“The Kimchi Revolution”. These words are on the homepage of our site somewhere. Find out where it is and message us about it. If you’re right, we’ll give you a coupon code as a reward!
Before we jump into recipes that call for kimchi in things like pancakes, let us tell you a little bit about Kimchi. This word might sound like a fad going around town, and that’s true to an
extent. The world really loves kimchi right now and you might not be sure why.
First off, what is it?
Let’s get this out of the way. It’s not that little bowl of cabbage that’s provided as a starter at Indo-Chinese restaurants and it’s not cabbage that’s really spicy. If that’s your exposure to Kimchi, you’re going to be in a new world of taste.
Kimchi is a dish that originates in Korea and it is basically a mixture of vegetables that have been fermented. Cabbage is usually the main vegetable in this mixture and the rest of the
vegetables can be anything you prefer. We make a delicious mixture of cabbage, spring onions, radish, carrot, shiitake mushrooms, garlic and lotus root. We also add in a blend of ginger and onion, for taste and health benefits.
The cabbage is salted to help remove water from it and a slurry is made with a Korean soybean paste. Then the cabbage and the other vegetables are mixed with this slurry to create beautiful kimchi. This dish is then left to ferment for a few days. In Korea, some batches of kimchi ferment for a minimum of 6 months!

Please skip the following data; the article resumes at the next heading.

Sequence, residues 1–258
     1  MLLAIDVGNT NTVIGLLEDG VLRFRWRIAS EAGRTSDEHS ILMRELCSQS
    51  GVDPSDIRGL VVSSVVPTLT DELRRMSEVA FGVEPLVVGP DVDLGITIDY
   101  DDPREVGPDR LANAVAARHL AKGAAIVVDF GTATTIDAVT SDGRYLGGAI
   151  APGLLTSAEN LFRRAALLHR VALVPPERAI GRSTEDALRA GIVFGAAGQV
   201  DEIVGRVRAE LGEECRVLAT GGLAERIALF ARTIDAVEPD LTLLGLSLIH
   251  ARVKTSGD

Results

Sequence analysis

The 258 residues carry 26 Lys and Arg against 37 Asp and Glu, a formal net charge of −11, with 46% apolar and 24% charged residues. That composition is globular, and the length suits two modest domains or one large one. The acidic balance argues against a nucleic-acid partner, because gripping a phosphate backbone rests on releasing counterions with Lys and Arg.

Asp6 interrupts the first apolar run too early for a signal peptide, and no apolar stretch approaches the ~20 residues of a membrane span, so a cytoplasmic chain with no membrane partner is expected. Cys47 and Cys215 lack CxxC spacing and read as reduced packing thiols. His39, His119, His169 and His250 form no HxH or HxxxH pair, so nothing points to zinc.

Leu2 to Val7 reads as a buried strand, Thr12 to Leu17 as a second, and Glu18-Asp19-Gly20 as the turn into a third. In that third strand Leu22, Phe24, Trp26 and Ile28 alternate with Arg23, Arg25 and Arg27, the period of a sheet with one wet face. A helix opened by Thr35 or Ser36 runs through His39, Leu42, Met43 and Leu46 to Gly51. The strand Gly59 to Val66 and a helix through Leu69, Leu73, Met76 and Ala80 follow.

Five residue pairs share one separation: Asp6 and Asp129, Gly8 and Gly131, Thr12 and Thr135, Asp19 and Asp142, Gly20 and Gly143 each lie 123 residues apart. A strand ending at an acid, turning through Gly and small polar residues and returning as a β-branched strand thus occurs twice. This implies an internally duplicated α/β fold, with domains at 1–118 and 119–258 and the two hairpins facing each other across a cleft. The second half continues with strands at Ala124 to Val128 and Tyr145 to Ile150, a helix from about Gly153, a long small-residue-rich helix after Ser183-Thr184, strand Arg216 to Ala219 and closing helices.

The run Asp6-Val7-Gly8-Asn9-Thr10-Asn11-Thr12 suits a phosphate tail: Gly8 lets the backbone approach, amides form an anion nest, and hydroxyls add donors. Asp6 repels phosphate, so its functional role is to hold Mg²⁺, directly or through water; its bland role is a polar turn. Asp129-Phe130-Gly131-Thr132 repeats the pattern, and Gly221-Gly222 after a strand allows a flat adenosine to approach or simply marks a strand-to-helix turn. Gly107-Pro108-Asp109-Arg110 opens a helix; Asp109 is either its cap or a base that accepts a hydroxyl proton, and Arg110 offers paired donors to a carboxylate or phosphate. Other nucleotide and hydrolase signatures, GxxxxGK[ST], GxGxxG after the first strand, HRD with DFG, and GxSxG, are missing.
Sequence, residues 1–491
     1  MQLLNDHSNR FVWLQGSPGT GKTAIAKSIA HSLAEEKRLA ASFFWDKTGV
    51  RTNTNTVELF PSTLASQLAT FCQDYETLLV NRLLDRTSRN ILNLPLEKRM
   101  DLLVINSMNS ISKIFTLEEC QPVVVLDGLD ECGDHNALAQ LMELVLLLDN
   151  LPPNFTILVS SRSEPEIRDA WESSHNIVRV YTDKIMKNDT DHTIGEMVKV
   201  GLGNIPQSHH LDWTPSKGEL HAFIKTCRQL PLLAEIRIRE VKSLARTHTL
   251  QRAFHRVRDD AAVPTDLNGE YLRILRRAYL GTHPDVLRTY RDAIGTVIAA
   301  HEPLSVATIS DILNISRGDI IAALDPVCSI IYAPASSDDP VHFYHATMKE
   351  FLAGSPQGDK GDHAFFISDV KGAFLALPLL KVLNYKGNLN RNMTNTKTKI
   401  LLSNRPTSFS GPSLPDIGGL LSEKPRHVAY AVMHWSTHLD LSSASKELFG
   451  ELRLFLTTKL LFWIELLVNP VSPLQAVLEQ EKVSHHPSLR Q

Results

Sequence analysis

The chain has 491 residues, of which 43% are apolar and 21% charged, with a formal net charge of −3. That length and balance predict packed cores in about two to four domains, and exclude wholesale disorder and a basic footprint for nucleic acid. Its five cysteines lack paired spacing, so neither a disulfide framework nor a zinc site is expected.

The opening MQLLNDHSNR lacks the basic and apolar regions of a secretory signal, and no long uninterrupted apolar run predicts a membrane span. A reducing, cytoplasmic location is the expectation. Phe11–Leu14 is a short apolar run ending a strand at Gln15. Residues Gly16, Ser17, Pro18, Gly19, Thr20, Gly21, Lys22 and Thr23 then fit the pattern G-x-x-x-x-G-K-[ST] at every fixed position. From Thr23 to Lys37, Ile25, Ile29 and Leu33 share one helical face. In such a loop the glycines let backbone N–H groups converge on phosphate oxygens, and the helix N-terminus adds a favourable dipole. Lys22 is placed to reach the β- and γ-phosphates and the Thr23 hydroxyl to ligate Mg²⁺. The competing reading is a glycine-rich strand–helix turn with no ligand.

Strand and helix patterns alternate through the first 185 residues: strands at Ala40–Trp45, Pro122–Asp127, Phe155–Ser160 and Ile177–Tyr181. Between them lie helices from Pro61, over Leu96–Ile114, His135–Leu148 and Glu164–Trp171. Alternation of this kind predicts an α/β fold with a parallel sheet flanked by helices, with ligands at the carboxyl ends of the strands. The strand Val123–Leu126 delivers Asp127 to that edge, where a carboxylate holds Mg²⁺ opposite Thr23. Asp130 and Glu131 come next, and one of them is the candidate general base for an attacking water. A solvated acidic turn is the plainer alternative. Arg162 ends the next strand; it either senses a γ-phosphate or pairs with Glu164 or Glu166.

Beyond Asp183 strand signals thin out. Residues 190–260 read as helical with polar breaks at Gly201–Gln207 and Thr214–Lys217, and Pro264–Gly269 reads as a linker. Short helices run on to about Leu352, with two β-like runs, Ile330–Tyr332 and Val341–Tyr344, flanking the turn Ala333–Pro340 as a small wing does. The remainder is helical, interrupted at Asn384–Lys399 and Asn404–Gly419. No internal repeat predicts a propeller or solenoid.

The garlic, salt and ginger in the dish make sure that bad bacteria are killed and the remaining good bacteria are probiotic. The environment in kimchi is perfect for probiotic bacteria to thrive and kimchi just keeps getting better and better. There are too many health
benefits to discuss in this article, so stay tuned for a detailed article about how kimchi will help your health!
Now the taste. If you’re new to kimchi and don’t know what to expect, here’s some advice. If someone says Kimchi should be or is only spicy, they probably don’t know what they’re talking about. That is just one small, albeit famous, variant of kimchi. Kimchi is supposed to
be sour and complex. A hint of spice, a burst of flavour. We love to describe it as ‘funky’. If you taste it, you’ll know why. Kimchi that doesn’t have funk is not good kimchi. It should have a nice kick to the taste from the first bite.
Kimchi is traditionally eaten alongside white rice, but a variety of dishes can be made with it. A few examples are Kimchi Fried Rice, Kimchi Pancakes, Kimchi sandwiches, you can even make Kimchi Noodles!
We’ll be featuring all these recipes on our blog, of course, so go ahead and order a bottle or two to be stocked and ready when those recipes hit!
You can also follow us on social media to be alerted when a new post goes up, to look at what’s cooking that day!